Saturday, April 23, 2011

Textbooks 101

I'm going to confess a slight secret here: I kind of don't mind shopping for textbooks.

Back in the day, when I was a young naive undergraduate, only knee-high to a grasshopper, I learned a cold hard truth: the cost of school will hurt, but the cost of textbooks will downright rip your heart out.

Now buying any book before you read it poses a risk, but textbooks are different. Regular books take you out for a nice dinner and occasionally offer to pick up the tab; textbooks take you to Taco Bell, order everything on the menu, make you pay and then puke in your Honda.

Ah but two bachelor degrees later and I have returned all the wiser. I'm now the ex-girlfriend who took off her glasses, let her hair down, and suddenly became hot. Now that I know how to work the system I have the pick of any textbook I want, and oh how I relish the power.

Actually, here: I'll make a list

Textbook Tips:

1.) Never buy books from the bookstore.
The price markups are ridiculous, and they buy them back at the end of the semester at a fraction of the retail price, if they even buy them back at all. Save yourself the grief and buy them online or from your inner circle of financially struggling classmates. There are two advantages to this: 1.) You get your books at an incredibly cheaper rate, and 2.) You may even be able to sell them back to someone else at the end of the semester for a similar rate, resulting in a more reasonable net loss (or even gain).

There are even places you can rent textbooks, but I wouldn't suggest it. It rely's on the fact that you have to return the books through the mail, in equal condition as when they were purchased. Semesters are packed with hectic, stressful days, and (parents avert your eyes) maybe even a kegger or two. Just being realistic.

Try some online sites like:

2.) Research the subject matter and newest editions.
Example: your professor says you need the newest edition of American History 101. No, you don't. It's history. It doesn't change. Unless the entire class will be based on the last chapter, it's not worth it. The same goes for Chemistry, Anatomy, Biology, things of that sort. The upper leg bone was called the Femur last year, it's called the Femur this year, and going out on a limb here, it's still going to be called the Femur next year.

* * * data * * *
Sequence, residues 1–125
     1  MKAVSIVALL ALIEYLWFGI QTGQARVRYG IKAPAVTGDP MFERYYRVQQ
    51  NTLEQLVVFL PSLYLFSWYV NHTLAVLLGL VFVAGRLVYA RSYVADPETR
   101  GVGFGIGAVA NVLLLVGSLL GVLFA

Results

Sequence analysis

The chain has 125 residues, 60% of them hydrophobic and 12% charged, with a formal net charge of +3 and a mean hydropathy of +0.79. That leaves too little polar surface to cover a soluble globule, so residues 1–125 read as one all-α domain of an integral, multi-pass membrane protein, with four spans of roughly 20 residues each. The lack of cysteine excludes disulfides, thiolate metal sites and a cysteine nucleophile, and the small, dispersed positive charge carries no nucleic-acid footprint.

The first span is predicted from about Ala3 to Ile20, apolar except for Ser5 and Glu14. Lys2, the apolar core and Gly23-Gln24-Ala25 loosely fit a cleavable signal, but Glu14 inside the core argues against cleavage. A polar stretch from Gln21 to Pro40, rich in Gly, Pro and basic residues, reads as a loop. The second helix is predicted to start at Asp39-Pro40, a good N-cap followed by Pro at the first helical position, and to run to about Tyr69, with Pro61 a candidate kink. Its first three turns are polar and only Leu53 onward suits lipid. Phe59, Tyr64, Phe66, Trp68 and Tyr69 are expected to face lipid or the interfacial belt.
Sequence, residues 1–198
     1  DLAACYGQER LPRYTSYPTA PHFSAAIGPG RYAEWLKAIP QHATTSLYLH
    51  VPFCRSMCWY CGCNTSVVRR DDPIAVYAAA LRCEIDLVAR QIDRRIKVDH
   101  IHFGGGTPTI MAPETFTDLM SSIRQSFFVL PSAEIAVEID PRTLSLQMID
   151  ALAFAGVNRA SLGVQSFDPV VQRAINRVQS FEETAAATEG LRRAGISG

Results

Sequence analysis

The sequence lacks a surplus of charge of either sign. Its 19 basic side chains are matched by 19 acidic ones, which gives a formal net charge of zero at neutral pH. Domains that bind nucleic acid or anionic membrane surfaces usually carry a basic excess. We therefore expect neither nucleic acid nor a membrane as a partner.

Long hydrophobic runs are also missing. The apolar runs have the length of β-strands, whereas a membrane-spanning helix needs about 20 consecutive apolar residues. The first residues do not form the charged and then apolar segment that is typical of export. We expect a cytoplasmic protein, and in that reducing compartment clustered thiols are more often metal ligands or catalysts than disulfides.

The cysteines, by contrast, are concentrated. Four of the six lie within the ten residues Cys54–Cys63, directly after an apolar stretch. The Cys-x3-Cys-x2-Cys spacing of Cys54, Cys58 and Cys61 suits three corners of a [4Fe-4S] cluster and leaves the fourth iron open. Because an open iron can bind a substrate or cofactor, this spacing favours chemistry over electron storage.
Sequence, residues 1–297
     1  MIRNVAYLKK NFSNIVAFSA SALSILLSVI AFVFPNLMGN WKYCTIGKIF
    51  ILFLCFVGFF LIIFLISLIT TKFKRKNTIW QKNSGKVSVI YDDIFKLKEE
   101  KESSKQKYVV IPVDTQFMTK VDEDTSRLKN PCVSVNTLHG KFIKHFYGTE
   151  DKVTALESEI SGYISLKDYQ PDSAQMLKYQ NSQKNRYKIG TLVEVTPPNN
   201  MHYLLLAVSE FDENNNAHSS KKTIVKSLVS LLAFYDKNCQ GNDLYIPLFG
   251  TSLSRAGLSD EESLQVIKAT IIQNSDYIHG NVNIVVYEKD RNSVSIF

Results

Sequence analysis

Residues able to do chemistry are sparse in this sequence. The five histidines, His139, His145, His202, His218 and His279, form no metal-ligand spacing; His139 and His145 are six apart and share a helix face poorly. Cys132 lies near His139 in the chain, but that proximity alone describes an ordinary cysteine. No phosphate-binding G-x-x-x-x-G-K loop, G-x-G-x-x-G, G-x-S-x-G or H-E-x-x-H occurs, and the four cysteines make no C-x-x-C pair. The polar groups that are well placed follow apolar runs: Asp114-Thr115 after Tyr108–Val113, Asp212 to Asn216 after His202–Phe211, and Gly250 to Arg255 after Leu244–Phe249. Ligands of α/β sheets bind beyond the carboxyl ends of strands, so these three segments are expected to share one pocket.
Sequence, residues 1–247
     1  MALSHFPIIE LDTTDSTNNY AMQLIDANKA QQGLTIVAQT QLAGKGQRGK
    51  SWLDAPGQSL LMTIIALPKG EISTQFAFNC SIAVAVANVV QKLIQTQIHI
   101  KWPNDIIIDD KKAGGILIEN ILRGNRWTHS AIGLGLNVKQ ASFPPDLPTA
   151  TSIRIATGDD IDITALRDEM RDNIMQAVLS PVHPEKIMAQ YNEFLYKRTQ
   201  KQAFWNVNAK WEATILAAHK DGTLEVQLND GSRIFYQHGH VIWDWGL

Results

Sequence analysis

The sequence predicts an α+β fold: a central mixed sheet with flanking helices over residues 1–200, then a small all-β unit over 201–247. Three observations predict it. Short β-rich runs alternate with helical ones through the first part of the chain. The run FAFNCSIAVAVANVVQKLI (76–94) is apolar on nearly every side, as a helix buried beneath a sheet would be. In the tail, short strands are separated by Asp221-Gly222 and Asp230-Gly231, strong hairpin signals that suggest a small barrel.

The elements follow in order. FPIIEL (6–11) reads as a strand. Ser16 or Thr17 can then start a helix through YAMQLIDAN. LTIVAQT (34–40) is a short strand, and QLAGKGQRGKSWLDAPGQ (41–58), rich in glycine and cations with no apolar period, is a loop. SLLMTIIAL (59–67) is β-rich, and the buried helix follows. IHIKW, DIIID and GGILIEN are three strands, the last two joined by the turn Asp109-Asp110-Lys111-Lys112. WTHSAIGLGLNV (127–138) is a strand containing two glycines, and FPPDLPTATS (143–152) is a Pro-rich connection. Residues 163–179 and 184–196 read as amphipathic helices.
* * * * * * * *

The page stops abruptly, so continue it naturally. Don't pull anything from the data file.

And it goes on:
Besides, many new editions are exactly the same as old editions, they've just switched the chapters around (it's true!). Buy the edition 1 or 2 years older. For many of my classes the newest edition of a textbook costs an average of $150.00. The used last year's edition? Under $10.00. And sometimes even less.

3.) Determine what is required and what is recommended.
You know what kind of learner you are. If you are someone who needs all the study material you can handle, then by all means, go for it. But materials like workbooks or studyguides are rarely actually used for the class. Ask students who have taken the class before you. How much did they use their workbook? Do they still have their workbook? If they do, would they be willing to part with it (you know where I'm going here)?

Also, many textbooks have FREE partner sites that come with them. You may have to do some digging in the front cover, but you can often find instructions (go the the publisher's site for a good start). These come with the majority of science and math books, and they're fantastic. No need to buy a workbook here, unless homework will be assigned directly from its pages. Use the sites, it's what they're there for.

4.) Wait to buy.
Yes this one is a bit tricky, but hear me out. For many of my classes, I actually ended up only using some of the textbooks I bought. Professors will often ask you to read the chapter to prepare for class, but the test will only cover the class notes. For most classes the strategy is show up, pay attention, take good notes. Reading the chapter can actually confuse you more, bombarding you with extra information you won't be tested on.

Wait untill after the first day or week of class. If it turns out you absolutely need the textbook on the first day of class, talk to the professor. They usually have extras they are willing to loan out as yours is "in the mail". Or better yet ask a classmate if you can meet to study. Besides, it'll do you good to find a study group in a class that assigns homework on the first day.

Exception: Online classes. In this case it might be smarter to have your books ahead of time. If you live in a different state it may be difficult to borrow someone elses until yours are within reach.

*Use your discretion though. Showing up to Physics or Organic Chemistry sans textbook is never a good idea. Save this tip for Intro to Folklore or something where you won't have to look up an actual diagram or formula.
5.) Sell, sell, sell!
Make some money when you're done! If it's a book you're never going to use again (which may not always be the case for graduate students, especially) sell it! Go the the same sites where you bought the book from, they will usually buy the book back. I have the most luck on myself, where I can set the price of what I'm selling. Beware though, people expect the book to be shipped in a reasonable amount of time, just like you would. So be honest about the condition (missing pages 40-46? back cover chewed off by your pet ferret?), and ship ASAP.